Titanic auction expected to sell off 5,500 items from ship
RICHMOND, Va. (AP) — The owner of the largest trove of artifacts salvaged from the Titanic is putting the vast collection up for auction as a single lot in 2012, the 100th anniversary of the world's most famous shipwreck.
More than 5,500 items including fine china, ship fittings and portions of hull that were recovered from the ocean liner have an estimated value of $189 million, according to Premier Exhibitions Inc., parent of RMS Titanic Inc. — the Titanic's court-approved salvor. That value was based on a 2007 appraisal and does not include intellectual property gathered from a 2010 scientific expedition that mapped the wreck site.
The auction is scheduled for April 1 by Guernsey's, a New York City auction house, according to filings by Premier Exhibitions Inc. with the Securities and Exchange Commission. Results of the auction won't be announced until April 15, the date a century ago the Titanic sank on its maiden voyage after striking an iceberg.
The auction is subject to approval by a federal judge in Virginia whose jurisdiction for years has given oversight to legal issues governing the salvage of the Titanic. The Titanic treasures were amassed during seven perilous trips to the wreck, which rests about 2 1/2 miles below the ocean surface in the North Atlantic.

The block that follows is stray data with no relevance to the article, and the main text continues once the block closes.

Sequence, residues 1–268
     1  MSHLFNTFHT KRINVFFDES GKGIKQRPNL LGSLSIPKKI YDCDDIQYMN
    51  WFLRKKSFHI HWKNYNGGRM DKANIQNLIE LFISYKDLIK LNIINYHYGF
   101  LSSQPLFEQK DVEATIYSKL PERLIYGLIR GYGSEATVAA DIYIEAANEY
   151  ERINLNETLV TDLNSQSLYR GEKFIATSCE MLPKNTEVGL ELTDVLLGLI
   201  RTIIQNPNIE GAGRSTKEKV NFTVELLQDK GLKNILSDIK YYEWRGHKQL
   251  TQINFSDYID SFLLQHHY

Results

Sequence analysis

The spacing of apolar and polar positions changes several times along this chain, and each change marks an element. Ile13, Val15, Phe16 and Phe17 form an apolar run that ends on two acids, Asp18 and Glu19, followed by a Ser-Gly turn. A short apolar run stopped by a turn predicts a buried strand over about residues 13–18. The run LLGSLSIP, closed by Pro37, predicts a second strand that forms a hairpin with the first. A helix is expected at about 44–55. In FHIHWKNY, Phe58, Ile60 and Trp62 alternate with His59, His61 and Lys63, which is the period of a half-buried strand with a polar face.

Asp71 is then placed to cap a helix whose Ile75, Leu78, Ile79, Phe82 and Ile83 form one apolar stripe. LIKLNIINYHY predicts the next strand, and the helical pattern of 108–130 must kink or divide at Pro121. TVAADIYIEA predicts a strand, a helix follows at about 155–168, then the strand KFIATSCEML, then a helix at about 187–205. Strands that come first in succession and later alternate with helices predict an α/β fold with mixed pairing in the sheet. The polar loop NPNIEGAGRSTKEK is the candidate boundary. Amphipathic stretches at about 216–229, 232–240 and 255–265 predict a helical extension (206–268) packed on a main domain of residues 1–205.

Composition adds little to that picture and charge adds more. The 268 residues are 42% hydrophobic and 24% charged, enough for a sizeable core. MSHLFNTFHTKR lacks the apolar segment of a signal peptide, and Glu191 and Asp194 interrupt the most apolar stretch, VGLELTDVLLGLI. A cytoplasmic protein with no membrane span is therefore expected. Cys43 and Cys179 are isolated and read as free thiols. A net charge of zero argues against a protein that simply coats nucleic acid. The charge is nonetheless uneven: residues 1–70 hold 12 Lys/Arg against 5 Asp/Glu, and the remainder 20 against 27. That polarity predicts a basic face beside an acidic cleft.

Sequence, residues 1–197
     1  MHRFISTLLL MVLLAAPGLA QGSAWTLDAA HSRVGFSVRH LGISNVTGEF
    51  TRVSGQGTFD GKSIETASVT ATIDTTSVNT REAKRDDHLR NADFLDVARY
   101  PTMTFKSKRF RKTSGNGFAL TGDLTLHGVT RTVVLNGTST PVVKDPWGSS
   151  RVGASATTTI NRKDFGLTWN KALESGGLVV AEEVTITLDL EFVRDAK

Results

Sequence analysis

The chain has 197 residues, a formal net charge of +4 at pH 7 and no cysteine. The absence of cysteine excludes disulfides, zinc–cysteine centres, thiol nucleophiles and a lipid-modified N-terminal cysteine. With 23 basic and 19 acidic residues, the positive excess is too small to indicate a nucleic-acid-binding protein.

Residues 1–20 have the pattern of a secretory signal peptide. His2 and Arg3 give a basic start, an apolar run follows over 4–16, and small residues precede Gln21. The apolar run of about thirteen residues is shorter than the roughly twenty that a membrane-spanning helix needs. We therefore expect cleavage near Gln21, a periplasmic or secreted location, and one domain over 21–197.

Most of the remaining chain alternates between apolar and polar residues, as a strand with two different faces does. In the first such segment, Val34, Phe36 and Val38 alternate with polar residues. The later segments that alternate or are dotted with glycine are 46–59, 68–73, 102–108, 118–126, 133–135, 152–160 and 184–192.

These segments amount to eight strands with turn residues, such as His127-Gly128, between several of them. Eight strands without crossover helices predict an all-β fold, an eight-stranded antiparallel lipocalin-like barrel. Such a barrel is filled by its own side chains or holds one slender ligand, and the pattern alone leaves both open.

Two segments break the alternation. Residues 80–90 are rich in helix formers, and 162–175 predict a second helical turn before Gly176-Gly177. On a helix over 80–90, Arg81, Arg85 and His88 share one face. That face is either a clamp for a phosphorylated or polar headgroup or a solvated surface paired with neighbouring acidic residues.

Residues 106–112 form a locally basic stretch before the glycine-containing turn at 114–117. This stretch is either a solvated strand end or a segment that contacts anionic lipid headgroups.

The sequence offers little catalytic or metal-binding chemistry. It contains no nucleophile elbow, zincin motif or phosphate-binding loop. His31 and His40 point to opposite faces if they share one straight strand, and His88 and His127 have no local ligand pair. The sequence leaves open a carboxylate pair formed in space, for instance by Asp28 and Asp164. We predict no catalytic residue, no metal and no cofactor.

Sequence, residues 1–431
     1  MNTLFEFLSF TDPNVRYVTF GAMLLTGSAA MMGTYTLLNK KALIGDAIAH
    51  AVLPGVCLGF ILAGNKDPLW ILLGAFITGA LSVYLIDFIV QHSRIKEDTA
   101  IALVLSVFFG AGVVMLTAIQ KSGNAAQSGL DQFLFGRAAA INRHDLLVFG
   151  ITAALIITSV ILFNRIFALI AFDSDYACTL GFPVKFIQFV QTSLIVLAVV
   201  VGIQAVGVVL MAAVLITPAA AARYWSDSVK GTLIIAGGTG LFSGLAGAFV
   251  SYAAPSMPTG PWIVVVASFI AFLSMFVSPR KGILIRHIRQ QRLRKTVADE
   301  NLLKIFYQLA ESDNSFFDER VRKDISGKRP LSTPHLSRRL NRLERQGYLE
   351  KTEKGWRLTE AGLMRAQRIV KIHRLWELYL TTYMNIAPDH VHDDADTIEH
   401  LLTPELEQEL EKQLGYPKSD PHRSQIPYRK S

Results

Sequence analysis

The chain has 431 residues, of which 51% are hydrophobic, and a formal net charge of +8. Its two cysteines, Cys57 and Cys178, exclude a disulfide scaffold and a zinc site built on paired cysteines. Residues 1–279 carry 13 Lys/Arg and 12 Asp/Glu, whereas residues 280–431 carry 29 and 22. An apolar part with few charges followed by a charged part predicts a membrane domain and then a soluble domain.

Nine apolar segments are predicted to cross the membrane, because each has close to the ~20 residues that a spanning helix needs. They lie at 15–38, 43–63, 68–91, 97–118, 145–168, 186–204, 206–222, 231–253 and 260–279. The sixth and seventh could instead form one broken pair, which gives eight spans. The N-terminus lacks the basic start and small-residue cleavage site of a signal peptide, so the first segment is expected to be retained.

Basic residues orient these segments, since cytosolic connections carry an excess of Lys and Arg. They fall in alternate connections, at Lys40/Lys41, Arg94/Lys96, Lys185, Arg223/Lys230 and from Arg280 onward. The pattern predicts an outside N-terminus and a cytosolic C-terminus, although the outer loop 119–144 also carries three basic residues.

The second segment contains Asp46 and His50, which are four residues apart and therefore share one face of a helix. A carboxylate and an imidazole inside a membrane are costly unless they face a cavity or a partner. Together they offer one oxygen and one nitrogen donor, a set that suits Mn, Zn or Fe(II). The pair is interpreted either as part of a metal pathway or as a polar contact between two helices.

A spokeswoman for the auction house and Premier Exhibitions declined Wednesday to discuss the auction with The Associated Press until a formal announcement in January.
The Titanic's sinking claimed the lives of more than 1,500 of the 2,228 passengers and crew. An international team led by oceanographer Robert Ballard located the wreckage in 1985, about 400 miles off Newfoundland, Canada.
U.S. District Judge Rebecca Beach Smith, who has overseen the case from her Norfolk courtroom, has ruled that RMS Titanic has title to the artifacts and was entitled to full compensation for them. She has not determined how RMS Titanic will be compensated.
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